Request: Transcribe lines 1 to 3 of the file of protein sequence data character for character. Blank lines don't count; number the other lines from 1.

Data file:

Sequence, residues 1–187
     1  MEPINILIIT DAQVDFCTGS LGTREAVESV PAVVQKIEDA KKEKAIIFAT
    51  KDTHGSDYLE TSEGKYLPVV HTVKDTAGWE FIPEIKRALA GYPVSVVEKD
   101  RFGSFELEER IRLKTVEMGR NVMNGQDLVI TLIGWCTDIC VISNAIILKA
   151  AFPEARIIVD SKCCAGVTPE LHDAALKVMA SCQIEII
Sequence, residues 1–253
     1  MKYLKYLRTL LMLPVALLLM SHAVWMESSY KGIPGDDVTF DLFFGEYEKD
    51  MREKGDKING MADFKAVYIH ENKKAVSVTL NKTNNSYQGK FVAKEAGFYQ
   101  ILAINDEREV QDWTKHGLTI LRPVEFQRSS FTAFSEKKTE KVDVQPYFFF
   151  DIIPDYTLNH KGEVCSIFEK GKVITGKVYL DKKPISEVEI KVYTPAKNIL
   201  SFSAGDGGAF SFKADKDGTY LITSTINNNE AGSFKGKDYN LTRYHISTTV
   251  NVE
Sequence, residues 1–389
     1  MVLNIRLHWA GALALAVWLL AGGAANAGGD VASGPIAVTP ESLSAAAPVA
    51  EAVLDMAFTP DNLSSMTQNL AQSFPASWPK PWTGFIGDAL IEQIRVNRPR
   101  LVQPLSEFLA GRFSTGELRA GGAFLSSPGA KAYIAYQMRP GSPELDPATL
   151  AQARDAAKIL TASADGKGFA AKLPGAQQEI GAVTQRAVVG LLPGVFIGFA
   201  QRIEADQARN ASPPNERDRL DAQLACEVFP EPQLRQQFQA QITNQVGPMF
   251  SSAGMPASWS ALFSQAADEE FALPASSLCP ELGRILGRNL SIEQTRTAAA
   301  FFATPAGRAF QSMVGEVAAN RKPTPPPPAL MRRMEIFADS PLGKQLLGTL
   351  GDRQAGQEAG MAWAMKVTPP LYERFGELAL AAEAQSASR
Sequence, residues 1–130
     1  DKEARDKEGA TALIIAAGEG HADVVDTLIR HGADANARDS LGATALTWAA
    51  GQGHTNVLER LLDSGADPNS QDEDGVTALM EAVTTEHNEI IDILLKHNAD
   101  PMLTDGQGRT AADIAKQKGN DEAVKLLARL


Sequence, residues 1–187
     1  MEPINILIIT DAQVDFCTGS LGTREAVESV PAVVQKIEDA KKEKAIIFAT
    51  KDTHGSDYLE TSEGKYLPVV HTVKDTAGWE FIPEIKRALA GYPVSVVEKD